Energy & Environment

City of Houston kicks off Earth Day HTX with outdoor festivals, speaker series

The City of Houston kicked off day one of Earth Day HTX on Monday, and the event highlighted the city’s recycling efforts, water conservation programs, solar technology and more. 


Houston City Hall Complex

Earth Day Houston takes place this week, highlighting the city’s efforts for a green and environmentally friendly Houston. The City of Houston kicked off day one of Earth Day HTX on Monday with an event highlighting the city's recycling efforts, water conservation programs, solar technology and more.

An environmental speaker series with 20 panel discussions involving local leaders and experts will take place on both Monday and Tuesday. They will discuss topics including solar energy, electric vehicle charging infrastructure, flooding, concrete batch plants and more.

The speaker series will follow-up with an outdoor festival outside City Hall on Wednesday. The festival will be interactive and hands-on with a range of activities such as a tiny house tour, a walk through a simulated forest, and the opportunity to drive and ride in an electric vehicle. Residents can enjoy food, music, giveaways, and special guests from 10 a.m. – 2 p.m.

"We have been a part of Earth Day events in the past, but have never directly hosted a spectacular event quite like this one that will truly showcase the city’s efforts towards cleaner, greener Houston," said Mayor Sylvester Turner.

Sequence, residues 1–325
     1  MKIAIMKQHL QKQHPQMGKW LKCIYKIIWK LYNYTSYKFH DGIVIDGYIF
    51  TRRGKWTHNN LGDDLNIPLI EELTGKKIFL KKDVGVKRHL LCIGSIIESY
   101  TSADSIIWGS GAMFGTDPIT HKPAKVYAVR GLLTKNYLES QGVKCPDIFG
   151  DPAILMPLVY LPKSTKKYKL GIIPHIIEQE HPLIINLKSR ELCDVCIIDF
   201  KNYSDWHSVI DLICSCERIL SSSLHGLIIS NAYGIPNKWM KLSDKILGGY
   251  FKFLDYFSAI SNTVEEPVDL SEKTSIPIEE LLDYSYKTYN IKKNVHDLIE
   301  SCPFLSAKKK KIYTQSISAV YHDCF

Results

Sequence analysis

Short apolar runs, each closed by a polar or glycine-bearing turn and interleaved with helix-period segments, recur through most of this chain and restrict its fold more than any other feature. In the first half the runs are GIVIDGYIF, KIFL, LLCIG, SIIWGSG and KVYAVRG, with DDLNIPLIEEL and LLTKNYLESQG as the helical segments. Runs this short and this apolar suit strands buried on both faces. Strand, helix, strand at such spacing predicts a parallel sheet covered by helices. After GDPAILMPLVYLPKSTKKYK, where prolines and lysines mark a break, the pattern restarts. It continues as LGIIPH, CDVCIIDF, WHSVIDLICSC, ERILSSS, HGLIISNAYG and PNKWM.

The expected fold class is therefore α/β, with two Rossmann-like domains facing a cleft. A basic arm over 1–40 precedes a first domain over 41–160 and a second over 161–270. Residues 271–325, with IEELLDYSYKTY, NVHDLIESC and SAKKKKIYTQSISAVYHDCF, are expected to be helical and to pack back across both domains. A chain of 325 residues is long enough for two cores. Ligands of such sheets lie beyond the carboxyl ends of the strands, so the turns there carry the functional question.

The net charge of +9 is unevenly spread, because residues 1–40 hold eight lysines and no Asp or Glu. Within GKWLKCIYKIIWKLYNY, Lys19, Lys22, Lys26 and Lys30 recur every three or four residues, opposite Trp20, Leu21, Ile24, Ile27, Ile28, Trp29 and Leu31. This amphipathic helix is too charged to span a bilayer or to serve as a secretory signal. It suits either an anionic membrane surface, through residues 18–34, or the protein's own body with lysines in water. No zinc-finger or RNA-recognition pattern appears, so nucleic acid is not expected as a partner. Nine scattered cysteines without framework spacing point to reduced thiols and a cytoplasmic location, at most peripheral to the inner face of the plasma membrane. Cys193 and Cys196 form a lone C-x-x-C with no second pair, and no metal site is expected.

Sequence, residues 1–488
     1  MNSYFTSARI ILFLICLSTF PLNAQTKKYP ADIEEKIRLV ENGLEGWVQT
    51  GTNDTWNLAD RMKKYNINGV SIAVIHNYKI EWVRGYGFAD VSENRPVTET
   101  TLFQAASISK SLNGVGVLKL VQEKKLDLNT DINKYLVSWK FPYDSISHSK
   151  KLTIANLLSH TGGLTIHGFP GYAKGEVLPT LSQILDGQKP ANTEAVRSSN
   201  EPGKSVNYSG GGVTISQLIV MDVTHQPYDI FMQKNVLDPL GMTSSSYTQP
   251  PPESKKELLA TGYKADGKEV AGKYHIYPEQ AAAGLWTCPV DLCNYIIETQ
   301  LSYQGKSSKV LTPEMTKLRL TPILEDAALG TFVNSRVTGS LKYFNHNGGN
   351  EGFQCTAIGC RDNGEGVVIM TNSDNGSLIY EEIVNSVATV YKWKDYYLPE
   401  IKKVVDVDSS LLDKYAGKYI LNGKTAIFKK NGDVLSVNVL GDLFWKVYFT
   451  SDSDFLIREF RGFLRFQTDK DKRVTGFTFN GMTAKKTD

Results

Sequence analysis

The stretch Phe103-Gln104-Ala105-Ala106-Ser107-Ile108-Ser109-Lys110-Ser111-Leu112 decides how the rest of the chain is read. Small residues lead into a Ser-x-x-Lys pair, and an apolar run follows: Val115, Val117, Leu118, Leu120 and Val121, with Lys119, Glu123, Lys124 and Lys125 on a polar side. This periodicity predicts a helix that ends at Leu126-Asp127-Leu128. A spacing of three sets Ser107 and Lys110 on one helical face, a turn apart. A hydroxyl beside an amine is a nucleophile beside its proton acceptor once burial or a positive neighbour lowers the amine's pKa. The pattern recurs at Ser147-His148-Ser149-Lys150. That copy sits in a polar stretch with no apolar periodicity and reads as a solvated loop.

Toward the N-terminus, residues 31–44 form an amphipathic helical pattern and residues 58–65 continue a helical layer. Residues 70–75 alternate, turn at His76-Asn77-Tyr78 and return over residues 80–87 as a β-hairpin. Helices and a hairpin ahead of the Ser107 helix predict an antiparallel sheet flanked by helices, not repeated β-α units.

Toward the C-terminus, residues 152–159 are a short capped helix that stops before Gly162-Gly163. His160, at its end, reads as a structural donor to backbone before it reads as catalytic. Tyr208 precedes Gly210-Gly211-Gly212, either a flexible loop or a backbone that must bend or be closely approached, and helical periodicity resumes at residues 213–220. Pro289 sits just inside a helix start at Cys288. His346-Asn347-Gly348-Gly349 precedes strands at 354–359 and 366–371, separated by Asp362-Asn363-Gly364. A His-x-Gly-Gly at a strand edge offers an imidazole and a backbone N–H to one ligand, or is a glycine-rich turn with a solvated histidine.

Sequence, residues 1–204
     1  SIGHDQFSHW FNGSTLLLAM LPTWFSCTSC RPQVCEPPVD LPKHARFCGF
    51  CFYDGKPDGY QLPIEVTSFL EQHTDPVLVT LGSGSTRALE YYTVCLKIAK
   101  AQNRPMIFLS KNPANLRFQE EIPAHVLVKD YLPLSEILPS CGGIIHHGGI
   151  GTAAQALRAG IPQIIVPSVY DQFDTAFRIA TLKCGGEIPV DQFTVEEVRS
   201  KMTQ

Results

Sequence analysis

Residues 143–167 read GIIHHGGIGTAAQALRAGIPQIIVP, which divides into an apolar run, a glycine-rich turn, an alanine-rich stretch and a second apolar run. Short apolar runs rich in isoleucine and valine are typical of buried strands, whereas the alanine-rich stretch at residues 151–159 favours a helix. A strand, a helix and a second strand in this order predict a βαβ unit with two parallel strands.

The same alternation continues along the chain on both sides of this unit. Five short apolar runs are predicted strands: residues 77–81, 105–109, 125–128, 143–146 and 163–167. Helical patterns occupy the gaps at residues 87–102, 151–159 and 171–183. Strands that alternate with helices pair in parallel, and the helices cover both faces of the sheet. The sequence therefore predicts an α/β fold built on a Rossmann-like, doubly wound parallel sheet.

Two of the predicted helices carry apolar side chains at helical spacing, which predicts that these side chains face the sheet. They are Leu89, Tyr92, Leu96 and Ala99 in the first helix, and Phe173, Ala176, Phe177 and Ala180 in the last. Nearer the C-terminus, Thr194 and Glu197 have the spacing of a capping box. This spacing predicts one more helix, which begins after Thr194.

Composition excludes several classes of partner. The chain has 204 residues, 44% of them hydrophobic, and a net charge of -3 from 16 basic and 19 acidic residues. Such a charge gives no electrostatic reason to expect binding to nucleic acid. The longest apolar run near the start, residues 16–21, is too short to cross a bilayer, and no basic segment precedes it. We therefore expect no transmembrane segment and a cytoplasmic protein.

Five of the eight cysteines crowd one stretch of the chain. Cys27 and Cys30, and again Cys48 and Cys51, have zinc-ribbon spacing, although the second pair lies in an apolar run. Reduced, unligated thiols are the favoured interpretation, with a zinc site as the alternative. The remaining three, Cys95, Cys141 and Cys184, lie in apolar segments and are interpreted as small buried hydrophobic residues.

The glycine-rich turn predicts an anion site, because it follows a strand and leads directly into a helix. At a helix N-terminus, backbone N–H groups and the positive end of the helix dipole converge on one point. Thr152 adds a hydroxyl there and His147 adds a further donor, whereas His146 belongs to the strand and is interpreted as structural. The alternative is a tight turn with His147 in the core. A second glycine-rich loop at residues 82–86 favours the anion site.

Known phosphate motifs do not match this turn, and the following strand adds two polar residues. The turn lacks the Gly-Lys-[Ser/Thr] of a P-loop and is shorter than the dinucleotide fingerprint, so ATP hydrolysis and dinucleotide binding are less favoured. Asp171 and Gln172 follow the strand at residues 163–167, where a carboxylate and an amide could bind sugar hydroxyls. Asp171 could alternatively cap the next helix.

Turner said the city has been working towards creating a cleaner environment.

"For the last seven years, I’ve worked to ensure that the city of Houston remains dedicated to becoming known as the preeminent climate change leader among US cities," he said. "We have made significant progress with our science based community driven climate action plan to reduce greenhouse gasses and our carbon footprint across the city – the successes resulting from these efforts are being realized and will be on full display at Earth Day HTX 2023."

The city wants to be carbon-neutral by 2050 as outlined in the city's Climate Action Plan. Officials said Houston is on track with its goal, planting over 1.2 million trees of its 4.6 million goal by 2030, purchasing electric vehicles for the city’s fleet and using renewable energy sources.

Priya Zachariah is the city's Chief Sustainability and Resilience Officer and said the city wanted to make a change after the effects of Hurricane Harvey.

"The reason that we have so much to talk about in our resilience and sustainability journey, it really begins with the mayor’s unifying vision and that call to action in the time following Harvey," she said. "And that transformative vision was that of a resilient Houston for all Houstonians, and all of Houston’s communities."

Zachariah said the city is continuing to strive towards its goal and has even gained recognition from different environmental groups.

All events are free to the public.

Ashley Brown

Ashley Brown


Ashley Brown is a news reporter at Houston Public Media, News 88.7. She covers a range of topics, primarily focusing on Houston City Hall. Before moving back to Houston in 2022, she worked at WHQR Public Radio in Wilmington, NC where she covered city and county government, homelessness and community...

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